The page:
Again, the real “evaluation” or the only “test” that really matters in determining a player’s level is how they do when the whistle blows. I have always been one who believes in player evaluations and feedback, but when we cut through all of the fog of player development and determining a player’s level of play, the only true evaluation is the game. The game is the only real measure of a player’s level of play.

The game is not biased, it is not political, it has no self-interests, and does not care about getting phone calls or emails from parents. The game will always be the most honest person with any player about what they are and are not able to do. Simply, either you can play or you cannot play.

When training, keep this in mind. Your goal, whether on your own, with your coach, or with some friends, is to get better at playing the game. Find ways to train yourself to be more effective in a game, when it counts.

Skills are necessary, juggling is important to improve your touch, YouTube is fun, but the game cares very little about how many “views” your last video post received, how many times you can juggle, or how crazy your skill moves look. It will only ask you one simple questions once the whistle blows… Can you play?

Tony Earp directs SuperKick/TeamZone Columbus’ Soccer Skills programs. Tony has a Masters in Education from The Ohio State University. Tony was a standout player both academically and athletically at The Ohio State University, earning multiple honors both on the field and in the classroom. He can be reached at tearp@superkickcolumbus.com

How to Get to Know a Hitter’s Tendencies Very Quickly!

By Larry Cicchiello

It is mandatory for baseball pitchers to find out the strengths and weaknesses of the baseball hitters they face. There are certain very clever things a pitcher can do. If the hitter takes a practice swing before facing you, pay attention to his practice swing! If he appears to be hitting an inside pitch with it, he is probably a pull hitter. If he appears to be hitting the ball the opposite way with his practice swing, chances are he likes to go the opposite way. If he appears to be hitting a high pitch, he probably likes the ball up. If he appears to be hitting a low pitch, you guessed it, he’s probably a good low ball hitter. One of the best baseball pitching tips to remember is that professional baseball hitters, all the way down to very young players like to practice what they do well and not what they do NOT do well.This very often includes their practice swings.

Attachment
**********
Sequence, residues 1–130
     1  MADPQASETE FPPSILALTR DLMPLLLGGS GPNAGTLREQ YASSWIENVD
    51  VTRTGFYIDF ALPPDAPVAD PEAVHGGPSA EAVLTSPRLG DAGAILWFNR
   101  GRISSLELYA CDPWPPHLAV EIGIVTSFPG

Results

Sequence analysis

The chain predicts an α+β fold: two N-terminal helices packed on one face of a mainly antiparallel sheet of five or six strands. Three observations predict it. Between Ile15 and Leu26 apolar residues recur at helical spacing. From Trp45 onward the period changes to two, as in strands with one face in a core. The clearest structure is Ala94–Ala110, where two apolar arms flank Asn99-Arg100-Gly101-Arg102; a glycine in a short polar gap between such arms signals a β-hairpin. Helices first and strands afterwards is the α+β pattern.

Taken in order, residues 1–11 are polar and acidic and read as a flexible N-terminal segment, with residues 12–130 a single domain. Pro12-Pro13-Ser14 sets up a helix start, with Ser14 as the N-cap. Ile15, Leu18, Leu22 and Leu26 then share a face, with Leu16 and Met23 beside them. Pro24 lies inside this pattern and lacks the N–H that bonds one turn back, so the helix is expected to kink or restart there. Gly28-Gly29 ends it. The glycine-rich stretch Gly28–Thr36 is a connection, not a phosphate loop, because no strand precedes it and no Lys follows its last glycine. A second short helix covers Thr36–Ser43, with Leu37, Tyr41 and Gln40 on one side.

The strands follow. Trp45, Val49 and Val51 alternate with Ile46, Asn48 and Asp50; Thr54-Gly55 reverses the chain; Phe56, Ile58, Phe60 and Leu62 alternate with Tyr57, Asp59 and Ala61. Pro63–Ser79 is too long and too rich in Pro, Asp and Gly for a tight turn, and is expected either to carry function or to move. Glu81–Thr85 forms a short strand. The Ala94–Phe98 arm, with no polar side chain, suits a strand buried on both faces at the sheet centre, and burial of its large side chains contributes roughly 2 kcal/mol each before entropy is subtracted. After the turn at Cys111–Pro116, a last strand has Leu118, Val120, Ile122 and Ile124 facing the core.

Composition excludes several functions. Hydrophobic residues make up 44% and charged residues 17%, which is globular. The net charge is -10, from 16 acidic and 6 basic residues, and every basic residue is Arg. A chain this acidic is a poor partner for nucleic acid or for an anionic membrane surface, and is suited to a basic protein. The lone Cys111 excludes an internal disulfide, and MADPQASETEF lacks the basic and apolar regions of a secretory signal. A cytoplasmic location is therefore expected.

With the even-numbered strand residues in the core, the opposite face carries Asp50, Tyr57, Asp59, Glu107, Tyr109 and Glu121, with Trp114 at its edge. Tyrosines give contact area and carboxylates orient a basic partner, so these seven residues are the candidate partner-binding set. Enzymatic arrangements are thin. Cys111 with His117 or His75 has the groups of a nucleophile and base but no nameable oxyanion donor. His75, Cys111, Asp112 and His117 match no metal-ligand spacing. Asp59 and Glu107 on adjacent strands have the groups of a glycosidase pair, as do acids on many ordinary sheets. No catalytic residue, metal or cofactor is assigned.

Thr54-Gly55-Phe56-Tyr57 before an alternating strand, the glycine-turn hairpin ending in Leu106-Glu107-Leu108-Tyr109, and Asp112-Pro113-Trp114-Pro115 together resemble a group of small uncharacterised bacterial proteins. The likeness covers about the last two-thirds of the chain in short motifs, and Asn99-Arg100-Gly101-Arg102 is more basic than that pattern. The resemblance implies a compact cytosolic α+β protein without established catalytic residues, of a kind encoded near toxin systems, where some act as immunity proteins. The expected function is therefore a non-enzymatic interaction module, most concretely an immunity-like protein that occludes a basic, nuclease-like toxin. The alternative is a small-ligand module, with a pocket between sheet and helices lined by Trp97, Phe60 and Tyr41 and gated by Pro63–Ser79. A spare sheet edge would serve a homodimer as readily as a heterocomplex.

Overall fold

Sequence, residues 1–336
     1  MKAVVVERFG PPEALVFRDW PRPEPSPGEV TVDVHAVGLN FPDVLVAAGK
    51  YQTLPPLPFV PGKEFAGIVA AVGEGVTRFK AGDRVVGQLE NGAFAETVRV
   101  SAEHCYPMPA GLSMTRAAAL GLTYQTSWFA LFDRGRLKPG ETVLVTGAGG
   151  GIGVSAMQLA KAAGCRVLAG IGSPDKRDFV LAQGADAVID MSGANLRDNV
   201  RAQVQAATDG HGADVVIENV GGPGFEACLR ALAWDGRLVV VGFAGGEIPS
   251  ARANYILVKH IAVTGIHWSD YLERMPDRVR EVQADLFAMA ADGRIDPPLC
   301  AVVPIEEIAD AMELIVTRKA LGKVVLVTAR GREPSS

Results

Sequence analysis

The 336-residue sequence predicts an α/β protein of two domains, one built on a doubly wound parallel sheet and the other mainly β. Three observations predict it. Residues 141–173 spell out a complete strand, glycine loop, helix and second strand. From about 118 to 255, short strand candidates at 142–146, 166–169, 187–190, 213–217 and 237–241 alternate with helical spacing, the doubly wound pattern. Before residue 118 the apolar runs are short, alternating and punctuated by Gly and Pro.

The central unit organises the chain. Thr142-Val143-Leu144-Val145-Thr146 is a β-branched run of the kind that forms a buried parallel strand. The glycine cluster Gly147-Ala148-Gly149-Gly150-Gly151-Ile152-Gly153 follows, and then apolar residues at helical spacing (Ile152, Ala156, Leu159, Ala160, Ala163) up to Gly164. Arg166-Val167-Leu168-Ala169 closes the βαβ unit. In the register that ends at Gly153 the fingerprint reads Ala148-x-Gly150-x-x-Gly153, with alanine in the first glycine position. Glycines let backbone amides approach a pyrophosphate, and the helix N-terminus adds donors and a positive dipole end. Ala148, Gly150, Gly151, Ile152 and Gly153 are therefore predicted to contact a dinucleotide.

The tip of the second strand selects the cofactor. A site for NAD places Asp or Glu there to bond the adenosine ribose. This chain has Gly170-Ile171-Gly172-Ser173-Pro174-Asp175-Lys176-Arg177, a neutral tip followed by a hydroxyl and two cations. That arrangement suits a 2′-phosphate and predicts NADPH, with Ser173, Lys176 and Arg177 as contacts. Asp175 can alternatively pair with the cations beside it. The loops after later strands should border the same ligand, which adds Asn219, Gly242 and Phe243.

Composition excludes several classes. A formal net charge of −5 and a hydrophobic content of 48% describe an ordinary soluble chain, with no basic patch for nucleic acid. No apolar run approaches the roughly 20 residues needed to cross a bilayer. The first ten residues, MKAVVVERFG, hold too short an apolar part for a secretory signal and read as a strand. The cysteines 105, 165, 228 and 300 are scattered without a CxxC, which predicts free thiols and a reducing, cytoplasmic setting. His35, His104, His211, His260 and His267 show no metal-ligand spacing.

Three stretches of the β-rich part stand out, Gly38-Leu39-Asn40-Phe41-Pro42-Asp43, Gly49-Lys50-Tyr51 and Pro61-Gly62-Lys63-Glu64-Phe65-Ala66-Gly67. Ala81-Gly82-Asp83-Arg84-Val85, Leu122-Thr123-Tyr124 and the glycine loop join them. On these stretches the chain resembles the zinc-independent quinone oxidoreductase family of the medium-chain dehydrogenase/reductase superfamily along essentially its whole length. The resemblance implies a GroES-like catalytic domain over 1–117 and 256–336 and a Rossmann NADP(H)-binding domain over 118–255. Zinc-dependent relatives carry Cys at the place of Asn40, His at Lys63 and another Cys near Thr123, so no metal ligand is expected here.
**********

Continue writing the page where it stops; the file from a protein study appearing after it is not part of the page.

Some Guidelines To Use BEFORE You Actually See The Hitter Swing:

Batter Has A Closed Stance. He probably likes the ball away from him and out over the plate. Find out if he can handle a pitch inside.

Batter Has An Open Stance. He probably likes the ball inside. Find out if he can handle the low and away strike.

Batter Stands Deep In The Box. I would be thinking primarily breaking balls.

Batter Stands Shallow In The Box. Well, if the batter wants to give me an extra couple of feet on my fastball, I’ll take the extra foot or two he’s giving me to see if he can catch up to my heater.

Batter Has His Hands Held High. Almost always likes the ball LOW, with very few exceptions! You can check it out for yourself right now. Put your hands up high right now, by your back ear and pretend you are holding a bat. Move your hands like you are swinging at a chest high fastball. It doesn’t feel right, does it? Pitch him primarily up in the zone until he proves you to be wrong.

Batter Has The Bat Curled Around His Neck. Find out if he can handle a pitch that is up and in. His bat has to travel extremely far to hit that pitch well.

Some Thought Processes To Use AFTER You Have Seen The Hitter Swing:

Your first pitch is a real good fastball and he pulls it and hits a seed that’s a foul about 350 feet from home plate. You now know there is a very good chance he loves the fast ball. You should strongly consider going off speed on your next pitch. The only risk is that if he’s a good hitter, he might be thinking along with you after what he just did to your fast ball. (This is part of the chess match that takes place between a good pitcher and a good hitter.)